Investigating Linda Tripp Montanarelli's inquiry: Prosecutor can enforce state's wiretap law and raise public awareness that it exists.

June 21, 1998

STATE Prosecutor Stephen Montanarelli seems determined to become another victim of the Monica Lewinsky matter.

Initially, he gave signs of moving forward with an inquiry into whether former White House aide Linda Tripp illegally taped phone conversations with Ms. Lewinsky in which she claimed to have had an affair with President Clinton.

Ms. Tripp, a former White House aide seeking a book deal, recorded the calls from her Columbia home. Howard County State's Attorney Marna McLendon should have investigated immediately, but she stumbled on the job and then washed her hands of the case by turning it over to Mr. Montanarelli.

Now Mr. Montanarelli is backing away from statements he made to The Sun, saying he has not decided whether to proceed. He says he will wait until special prosecutor Kenneth Starr has finished his investigation before moving ahead on the Tripp matter.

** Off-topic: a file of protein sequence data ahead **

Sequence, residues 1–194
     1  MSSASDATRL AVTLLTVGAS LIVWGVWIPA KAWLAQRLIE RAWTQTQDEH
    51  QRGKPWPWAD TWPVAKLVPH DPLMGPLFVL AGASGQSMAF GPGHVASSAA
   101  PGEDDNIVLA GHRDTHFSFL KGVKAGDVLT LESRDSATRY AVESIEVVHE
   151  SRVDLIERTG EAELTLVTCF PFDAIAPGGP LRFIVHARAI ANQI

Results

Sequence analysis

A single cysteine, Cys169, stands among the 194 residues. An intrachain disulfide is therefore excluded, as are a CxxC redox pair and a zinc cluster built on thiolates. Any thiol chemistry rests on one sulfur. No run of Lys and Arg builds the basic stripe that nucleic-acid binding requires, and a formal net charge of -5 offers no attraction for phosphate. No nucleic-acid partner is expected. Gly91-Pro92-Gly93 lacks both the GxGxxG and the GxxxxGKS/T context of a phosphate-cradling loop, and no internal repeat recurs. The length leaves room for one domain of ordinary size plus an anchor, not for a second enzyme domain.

His mixed signals add to the embarrassment for defenders of Maryland law.

Granted, the case against Ms. Tripp is not open and shut. A state appellate court has ruled that prosecutors must prove a defendant was aware of the prohibition against secret recordings, as outlined in Maryland's wiretap law.

Mr. Montanarelli can complain if he wants about how difficult it is to prosecute violators of the wiretap law, but such an investigation could help future cases. An investigation would make it much more difficult for violators to plead ignorance in the future.

It is disappointing that no one seems concerned about enforcing a statute that legislators passed to protect individual privacy.

Pub Date: 6/21/98

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